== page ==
Why is that when some filmmakers return to the well of their favorite tropes, tics, and recurring themes it’s comforting and enjoyable but when others do it, it’s tired and shows a lack of imagination? Why do we enjoy the repetition of Wes Anderson’s symmetrical framing, meticulous sets, precocious children, and flawed father figures — or Tarantino’s quick banter, ultra-violence, and meditations on revenge — while we spurning the unoriginality of other filmmakers turning in similarly well-worn formulas? It’s all in the execution, I guess. Director Shane Black has made a career out of reinventing and reinvigorating the buddy action film, and despite all of his recurring themes and tropes, it’s always a welcomed return. Despite the similarities in his films, Black finds new ways of exploring the same genre aspects. After spending some time in the Marvel universe with Iron Man 3 (and injecting it with plenty of his own buddy action style), Black returns to his favorite subgenre with The Nice Guys, a hilarious action comedy that gets a lot of mileage out of his principle characters and their chemistry with each other. It may not be as good as Kiss Kiss Bang Bang, but it is an incredibly entertaining film that will probably continue to earn fans throughout the years, drawn to outstanding banter and pinpoint characterization.
The Nice Guys, as with so many of Black’s films as a writer and/or director, chiefly concerns two mismatched but complementary men. It’s 1977 in Los Angeles and Jackson Healy (Russell Crowe) is a big brute that delivers messages with his fists to anyone for the right price; a hulking enforcer, Healy is an amoral man who just tries to conduct himself in a business-like fashion. Holland March (Ryan Gosling) is a drunkard and lousy detective, an ex-cop surviving on cases from the old and senile, his only saving grace is his love for his daughter, Holly (Angourie Rice). When the two end up looking for the same woman (Margaret Qualley), they join forces to find her and possibly expose a much bigger plot at work.
The Nice Guys is a very funny movie that gets a lot of mileage from the chemistry between its two leads. Gosling and Crowe play off each other incredibly well, with Gosling shining as a dimwitted fuck-up who lacks the moral fortitude of his companion. He’s not great in a fight, he’d rather be dead drunk to the world, and he can’t quite seem to do anything right (Gosling even manages to sneak in one of the best Lou Costello impressions in ages when he happens upon a corpse). Crowe is much more stoic in his role, but does a good job of highlighting just how inept Gosling is with every assured action and willingness to jump into a fray. Angourie Rice also excels as the too wise for the world child that is practically raising her deadbeat father that, despite all evidence to the contrary, in whom she still believes. There are many repeatable lines of dialogue and hilarious slapstick-infused set pieces that will stay with audiences long after the film has ended and will be revisited many times in the future.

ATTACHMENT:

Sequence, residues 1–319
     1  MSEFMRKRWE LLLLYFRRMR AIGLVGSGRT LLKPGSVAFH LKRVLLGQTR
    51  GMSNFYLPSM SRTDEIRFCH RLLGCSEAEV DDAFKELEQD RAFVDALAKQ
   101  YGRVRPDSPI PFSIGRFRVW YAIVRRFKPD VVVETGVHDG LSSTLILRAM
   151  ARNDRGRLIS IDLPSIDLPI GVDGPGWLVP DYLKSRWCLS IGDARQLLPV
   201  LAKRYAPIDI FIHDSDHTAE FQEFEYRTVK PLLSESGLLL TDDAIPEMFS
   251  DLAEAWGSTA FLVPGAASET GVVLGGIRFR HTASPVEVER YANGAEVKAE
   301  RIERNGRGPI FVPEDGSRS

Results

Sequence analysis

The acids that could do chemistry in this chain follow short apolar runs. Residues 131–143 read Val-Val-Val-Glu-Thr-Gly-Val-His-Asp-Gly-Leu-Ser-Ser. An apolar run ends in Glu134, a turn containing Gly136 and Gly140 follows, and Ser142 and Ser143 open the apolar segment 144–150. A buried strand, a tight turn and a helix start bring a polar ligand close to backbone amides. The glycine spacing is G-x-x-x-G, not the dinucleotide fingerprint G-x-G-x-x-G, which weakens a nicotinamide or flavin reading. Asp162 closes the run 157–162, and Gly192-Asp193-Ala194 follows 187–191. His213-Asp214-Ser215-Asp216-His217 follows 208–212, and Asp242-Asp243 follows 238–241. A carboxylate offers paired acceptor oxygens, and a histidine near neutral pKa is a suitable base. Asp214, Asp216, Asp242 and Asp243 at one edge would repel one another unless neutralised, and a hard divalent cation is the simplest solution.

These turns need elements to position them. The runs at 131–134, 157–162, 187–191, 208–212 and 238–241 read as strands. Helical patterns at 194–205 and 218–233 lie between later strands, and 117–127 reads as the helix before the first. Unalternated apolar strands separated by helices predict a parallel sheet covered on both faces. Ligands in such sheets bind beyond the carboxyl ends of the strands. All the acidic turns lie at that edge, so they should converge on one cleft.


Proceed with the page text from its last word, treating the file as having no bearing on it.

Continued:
Unfortunately, where this action-comedy falls short is in the action department. While the comedy is sharper than most anything else out there, the action is fairly pedestrian and unmemorable. Part of this is that there is a serious lack of good villains; while Keith David, Matt Bomer, and Beau Knapp are all present as a murderous trio, none of them have a degree of menace needed to truly make an impression as a formidable opponent for our bumbling protagonists. That lack of impressive action scenes and distinct villains is felt most strongly during the final act where the stakes don’t feel as high as they should. But Black leans way more into the comedy aspect of it, and it pays off with plenty of laughter, but that deeper emotional connection would’ve helped really sell this film as another Black classic. In the end, it appears that Black is much more interested in the three leads and their chemistry than actually building an intriguing mystery or delivering an exciting action finale. Luckily, his writing and the actors’ performances help the film coast on that level of charm to make up for any deficits.
Shane Black, like his idol Raymond Chandler, loves to use the outsider as the hero in his tales of crime and punishment. Marginalized people dismissed by society at large provide the proper vantage point to highlight the ridiculousness of the situation while also confronting both the low and high ends of society and its dark secrets. And in the end, after the bullets have flown and the quips have landed, there’s usually a new group formed by the banding of heroes; a makeshift family that offsets the issues they couldn’t face alone. The Nice Guys is another in a line of Black films that follow this pattern, but rather than be bored or feel like it retreads previous work, the director (who co-wrote with Anthony Bagarozzi) finds ways to inject the proceedings with fresh takes and new unexpected territory for laughter. Whether it’s the increased slapstick (excellently performed) or the winning banter (delivered with just the right level of snark), Black has created a film that is immensely entertaining and a welcomed return to a land of buddy action movies, where a quip and a gun are equally useful in chasing away the bad guys.